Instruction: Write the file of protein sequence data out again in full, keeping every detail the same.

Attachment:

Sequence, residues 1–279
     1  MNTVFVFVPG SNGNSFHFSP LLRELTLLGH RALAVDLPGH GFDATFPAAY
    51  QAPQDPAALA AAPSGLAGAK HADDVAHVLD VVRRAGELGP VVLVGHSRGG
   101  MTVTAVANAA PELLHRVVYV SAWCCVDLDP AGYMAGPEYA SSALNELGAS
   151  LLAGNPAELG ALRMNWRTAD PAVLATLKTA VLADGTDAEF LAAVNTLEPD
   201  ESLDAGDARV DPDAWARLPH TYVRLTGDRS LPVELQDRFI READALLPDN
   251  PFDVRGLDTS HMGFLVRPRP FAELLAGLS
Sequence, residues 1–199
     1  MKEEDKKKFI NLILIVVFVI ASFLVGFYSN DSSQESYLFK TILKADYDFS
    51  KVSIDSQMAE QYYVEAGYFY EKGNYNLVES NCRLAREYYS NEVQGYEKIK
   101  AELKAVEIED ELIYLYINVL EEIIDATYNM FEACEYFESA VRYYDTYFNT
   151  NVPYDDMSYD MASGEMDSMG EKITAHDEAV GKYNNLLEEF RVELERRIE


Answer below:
Sequence, residues 1–279
     1  MNTVFVFVPG SNGNSFHFSP LLRELTLLGH RALAVDLPGH GFDATFPAAY
    51  QAPQDPAALA AAPSGLAGAK HADDVAHVLD VVRRAGELGP VVLVGHSRGG
   101  MTVTAVANAA PELLHRVVYV SAWCCVDLDP AGYMAGPEYA SSALNELGAS
   151  LLAGNPAELG ALRMNWRTAD PAVLATLKTA VLADGTDAEF LAAVNTLEPD
   201  ESLDAGDARV DPDAWARLPH TYVRLTGDRS LPVELQDRFI READALLPDN
   251  PFDVRGLDTS HMGFLVRPRP FAELLAGLS
Sequence, residues 1–199
     1  MKEEDKKKFI NLILIVVFVI ASFLVGFYSN DSSQESYLFK TILKADYDFS
    51  KVSIDSQMAE QYYVEAGYFY EKGNYNLVES NCRLAREYYS NEVQGYEKIK
   101  AELKAVEIED ELIYLYINVL EEIIDATYNM FEACEYFESA VRYYDTYFNT
   151  NVPYDDMSYD MASGEMDSMG EKITAHDEAV GKYNNLLEEF RVELERRIE